Digital data in combination with internal information like point-of-sale data, information in CRM databases, and customer support logs can provide powerful insight that can predict what that Millennial customer's most recent purchase was, what they may be interested in purchasing next, and where they are in the purchase decision funnel — the journey that the average customer commonly moves through from awareness of a brand to purchasing a brand's products or services.

Utilizing the decision funnel can reveal insights into brand perception to help senior management compare desired and actual perception for their brands. Mapping out the decision funnel will allow for multifaceted analysis giving organization the opportunity to make beneficial adjustments in strategy and messaging that can sustain a brand over time. 

Organizations excel at collecting huge volumes of data as part of their digital transformation strategies. Data sets hold promise for staying agile, refining and adapting their marketing and sales opportunities, and ultimately providing the best customer experience possible to Millennials and other consumer demographics. The data can include transactional information from each customer touchpoint, social mentions and other insights from publicly available channels to create a holistic view of the individual customer experience.

Yet companies need to employ strategies that make good on this impressive data collection. Marketers are under more pressure than ever to show ROI, and CMOs need to be more involved with their organizations analytical strategies. As a result, CMOs and leaders of IT and marketing alike are beginning to introduce machine learning and automation as the next evolution of the analytics field.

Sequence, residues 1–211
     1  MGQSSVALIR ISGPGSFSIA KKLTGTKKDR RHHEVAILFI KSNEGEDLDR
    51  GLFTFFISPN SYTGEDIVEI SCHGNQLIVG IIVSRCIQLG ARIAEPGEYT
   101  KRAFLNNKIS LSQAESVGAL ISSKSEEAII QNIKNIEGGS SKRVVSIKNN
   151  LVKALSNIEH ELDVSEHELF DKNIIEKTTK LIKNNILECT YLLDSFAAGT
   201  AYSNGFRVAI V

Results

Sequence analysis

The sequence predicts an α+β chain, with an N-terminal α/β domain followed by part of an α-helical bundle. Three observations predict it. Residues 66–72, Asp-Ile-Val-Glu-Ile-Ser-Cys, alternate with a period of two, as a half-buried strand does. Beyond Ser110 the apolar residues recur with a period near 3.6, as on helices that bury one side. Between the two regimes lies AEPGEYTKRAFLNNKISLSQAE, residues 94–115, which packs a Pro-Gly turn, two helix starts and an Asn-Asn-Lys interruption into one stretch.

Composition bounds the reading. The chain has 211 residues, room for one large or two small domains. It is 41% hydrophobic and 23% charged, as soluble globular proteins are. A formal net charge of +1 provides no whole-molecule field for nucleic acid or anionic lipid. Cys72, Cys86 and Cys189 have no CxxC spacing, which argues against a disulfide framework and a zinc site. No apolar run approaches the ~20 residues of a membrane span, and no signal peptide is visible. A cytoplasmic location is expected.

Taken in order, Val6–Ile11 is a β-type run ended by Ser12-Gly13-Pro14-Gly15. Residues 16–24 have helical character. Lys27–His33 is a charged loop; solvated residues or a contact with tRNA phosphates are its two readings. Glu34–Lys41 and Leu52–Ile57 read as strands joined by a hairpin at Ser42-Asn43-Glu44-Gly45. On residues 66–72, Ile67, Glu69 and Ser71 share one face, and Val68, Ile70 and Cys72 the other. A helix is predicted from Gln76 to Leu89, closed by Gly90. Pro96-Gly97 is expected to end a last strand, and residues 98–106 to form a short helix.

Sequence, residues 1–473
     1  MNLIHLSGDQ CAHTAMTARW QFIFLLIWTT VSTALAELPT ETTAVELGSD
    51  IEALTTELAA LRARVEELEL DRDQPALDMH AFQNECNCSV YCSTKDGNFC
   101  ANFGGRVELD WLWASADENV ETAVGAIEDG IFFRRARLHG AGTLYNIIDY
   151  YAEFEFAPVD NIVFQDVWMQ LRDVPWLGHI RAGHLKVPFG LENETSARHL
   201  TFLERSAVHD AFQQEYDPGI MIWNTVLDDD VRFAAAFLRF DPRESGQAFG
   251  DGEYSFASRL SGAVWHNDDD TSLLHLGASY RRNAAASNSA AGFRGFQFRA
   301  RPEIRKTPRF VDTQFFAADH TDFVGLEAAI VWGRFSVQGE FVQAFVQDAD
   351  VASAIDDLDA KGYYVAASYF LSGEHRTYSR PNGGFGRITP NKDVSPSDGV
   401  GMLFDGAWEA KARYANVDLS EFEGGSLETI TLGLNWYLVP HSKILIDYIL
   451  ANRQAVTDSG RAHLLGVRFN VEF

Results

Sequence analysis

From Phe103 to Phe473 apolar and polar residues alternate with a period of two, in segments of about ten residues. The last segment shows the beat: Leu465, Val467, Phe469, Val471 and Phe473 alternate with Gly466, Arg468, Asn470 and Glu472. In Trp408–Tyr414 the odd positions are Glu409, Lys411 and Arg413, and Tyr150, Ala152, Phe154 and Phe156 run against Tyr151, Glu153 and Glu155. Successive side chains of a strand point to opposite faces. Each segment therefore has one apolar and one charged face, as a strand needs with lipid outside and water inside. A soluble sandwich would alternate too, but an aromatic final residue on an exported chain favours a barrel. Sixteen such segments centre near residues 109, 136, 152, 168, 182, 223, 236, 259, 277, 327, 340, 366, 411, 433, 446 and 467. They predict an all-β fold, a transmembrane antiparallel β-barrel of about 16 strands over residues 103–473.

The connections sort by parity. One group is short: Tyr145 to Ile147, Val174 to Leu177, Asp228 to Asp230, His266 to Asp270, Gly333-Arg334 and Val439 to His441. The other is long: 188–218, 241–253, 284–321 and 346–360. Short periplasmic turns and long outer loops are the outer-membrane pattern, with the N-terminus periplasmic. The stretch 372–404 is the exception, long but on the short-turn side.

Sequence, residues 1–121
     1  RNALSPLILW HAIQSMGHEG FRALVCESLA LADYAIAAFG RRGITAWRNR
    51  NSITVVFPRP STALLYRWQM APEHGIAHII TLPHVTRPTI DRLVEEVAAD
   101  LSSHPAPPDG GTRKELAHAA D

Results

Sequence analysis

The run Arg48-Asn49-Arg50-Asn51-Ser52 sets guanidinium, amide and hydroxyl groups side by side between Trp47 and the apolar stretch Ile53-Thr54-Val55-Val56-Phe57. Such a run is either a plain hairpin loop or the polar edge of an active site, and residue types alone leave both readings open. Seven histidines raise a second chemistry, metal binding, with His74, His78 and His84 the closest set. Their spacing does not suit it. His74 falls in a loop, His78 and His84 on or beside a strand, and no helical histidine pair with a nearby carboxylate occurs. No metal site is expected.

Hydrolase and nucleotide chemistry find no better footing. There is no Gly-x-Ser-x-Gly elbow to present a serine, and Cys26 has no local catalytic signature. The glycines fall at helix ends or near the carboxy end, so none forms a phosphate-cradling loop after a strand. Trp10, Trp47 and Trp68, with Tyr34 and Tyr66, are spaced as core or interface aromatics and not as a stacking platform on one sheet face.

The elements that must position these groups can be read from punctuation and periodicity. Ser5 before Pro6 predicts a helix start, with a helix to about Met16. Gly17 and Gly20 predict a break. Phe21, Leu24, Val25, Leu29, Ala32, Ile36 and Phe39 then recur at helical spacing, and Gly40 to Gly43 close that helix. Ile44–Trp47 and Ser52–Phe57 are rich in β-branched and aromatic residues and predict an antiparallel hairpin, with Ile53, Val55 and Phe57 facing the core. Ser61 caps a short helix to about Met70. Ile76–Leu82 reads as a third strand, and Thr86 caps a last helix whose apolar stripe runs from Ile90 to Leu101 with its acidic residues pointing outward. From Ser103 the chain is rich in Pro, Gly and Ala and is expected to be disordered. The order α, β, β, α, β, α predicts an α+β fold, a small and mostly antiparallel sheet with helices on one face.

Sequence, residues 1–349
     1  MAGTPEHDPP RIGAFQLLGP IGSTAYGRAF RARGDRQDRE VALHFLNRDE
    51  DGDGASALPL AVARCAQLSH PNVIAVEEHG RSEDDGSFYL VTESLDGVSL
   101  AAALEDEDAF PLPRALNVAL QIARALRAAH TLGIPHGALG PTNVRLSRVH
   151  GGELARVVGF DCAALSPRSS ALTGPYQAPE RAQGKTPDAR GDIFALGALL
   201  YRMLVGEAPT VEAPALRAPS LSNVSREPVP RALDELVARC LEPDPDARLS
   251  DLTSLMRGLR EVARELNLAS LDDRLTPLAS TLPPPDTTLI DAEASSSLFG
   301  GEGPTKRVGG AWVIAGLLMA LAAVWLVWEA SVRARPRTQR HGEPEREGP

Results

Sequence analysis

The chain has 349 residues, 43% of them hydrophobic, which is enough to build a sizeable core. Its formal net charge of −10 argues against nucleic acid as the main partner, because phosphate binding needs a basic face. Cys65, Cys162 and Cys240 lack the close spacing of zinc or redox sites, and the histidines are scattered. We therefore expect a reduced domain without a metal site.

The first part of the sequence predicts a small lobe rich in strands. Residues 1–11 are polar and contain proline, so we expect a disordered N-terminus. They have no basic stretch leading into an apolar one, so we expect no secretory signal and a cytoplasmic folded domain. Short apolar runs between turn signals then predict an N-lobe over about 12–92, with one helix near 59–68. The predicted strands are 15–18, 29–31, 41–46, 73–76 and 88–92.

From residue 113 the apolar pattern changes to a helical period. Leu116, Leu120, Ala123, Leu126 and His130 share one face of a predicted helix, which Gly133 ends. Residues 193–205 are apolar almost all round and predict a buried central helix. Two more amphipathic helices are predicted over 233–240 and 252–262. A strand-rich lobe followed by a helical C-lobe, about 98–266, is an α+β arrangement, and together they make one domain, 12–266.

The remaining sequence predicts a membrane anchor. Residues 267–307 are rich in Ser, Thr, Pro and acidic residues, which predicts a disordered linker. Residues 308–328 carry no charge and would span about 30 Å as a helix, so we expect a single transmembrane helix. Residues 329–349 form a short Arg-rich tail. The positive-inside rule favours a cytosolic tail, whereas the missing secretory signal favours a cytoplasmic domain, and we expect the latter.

In order to achieve new levels of data analysis, CMOs at retail and consumer goods firms must focus their efforts on actually evaluating the vast amount of data now available to marketers through these new tools and sources for data. Because Millennials often interact with a brand on multiple channels and through multiple devices, analytics helps brands achieve a real-time understanding of the consumer and their needs. This snapshot will help marketers understand behavioral differences between channels and the various paths of purchase.

For retailers to stay relevant, attract Millennial buyers and influence their purchases, there is an urgent requirement to keep pace with technology and change. Apart from using data analytics, companies now need to deliver these experiences to the consumer faster and better. They need to establish a steady stream of interaction and dialogue that will help them stay in constant touch with the consumer – be it through queries, feedback, or other channels of interaction that today's Millennial consumer expects from brands they follow. They must make use of the insights they gain from analytics to maintain the 360-degree customer experience, from responding quickly to customer queries, generating the next personalized offer or creating an interaction with the Millennial buyer that fosters loyalty and awareness.

Again, the mantra is simple – start following the digital data trail and focus on being pre-emptive and proactive with Millennials, and your organization's value to this consumer segment will rise.

Venkat Viswanathan is co-founder and chairman of LatentView Analytics, a marketing technology and decision sciences company.